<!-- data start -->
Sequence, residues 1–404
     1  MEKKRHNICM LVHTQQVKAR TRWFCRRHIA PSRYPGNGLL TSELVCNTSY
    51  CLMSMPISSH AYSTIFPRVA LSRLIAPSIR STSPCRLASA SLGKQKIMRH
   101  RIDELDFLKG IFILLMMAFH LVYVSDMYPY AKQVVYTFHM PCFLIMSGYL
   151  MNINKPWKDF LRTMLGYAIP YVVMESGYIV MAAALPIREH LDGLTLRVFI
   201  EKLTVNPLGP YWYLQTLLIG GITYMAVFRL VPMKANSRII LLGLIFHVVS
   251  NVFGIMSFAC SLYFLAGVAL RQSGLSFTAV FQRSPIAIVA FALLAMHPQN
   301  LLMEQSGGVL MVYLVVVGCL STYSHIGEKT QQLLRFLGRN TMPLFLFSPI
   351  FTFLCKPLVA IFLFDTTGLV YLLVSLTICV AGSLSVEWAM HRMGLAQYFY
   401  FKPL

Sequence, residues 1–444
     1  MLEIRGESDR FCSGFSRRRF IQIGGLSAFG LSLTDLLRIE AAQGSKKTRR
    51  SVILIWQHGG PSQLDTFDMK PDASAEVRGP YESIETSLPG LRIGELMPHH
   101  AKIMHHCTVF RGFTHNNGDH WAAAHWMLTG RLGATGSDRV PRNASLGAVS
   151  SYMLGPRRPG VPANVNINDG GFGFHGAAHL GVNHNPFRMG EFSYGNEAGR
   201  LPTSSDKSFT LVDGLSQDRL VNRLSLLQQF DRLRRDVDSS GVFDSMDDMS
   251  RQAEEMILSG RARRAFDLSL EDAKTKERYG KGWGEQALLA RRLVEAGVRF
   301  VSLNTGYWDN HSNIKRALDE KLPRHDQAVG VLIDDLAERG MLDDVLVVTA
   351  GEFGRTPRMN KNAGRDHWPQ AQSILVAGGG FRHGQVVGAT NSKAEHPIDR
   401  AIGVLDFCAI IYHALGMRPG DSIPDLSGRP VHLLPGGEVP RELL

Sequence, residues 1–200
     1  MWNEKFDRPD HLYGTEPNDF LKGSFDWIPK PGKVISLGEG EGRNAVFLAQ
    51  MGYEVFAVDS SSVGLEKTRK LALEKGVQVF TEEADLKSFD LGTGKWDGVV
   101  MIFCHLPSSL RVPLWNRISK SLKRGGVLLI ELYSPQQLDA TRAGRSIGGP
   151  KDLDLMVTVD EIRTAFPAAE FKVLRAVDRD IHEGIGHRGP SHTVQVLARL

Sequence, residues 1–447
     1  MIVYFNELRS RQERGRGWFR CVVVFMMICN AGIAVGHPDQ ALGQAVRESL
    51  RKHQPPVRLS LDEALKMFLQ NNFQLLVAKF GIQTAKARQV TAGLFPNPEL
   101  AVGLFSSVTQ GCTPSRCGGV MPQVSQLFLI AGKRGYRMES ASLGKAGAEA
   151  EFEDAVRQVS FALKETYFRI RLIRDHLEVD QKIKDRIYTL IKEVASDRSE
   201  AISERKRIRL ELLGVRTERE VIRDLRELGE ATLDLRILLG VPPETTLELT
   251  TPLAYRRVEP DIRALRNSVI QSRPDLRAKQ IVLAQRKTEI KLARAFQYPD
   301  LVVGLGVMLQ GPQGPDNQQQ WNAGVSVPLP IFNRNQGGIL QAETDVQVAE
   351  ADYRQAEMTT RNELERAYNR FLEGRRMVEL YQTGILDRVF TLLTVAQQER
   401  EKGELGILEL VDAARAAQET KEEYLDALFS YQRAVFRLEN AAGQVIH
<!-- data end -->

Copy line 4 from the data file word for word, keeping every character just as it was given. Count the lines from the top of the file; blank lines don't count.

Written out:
   101  RIDELDFLKG IFILLMMAFH LVYVSDMYPY AKQVVYTFHM PCFLIMSGYL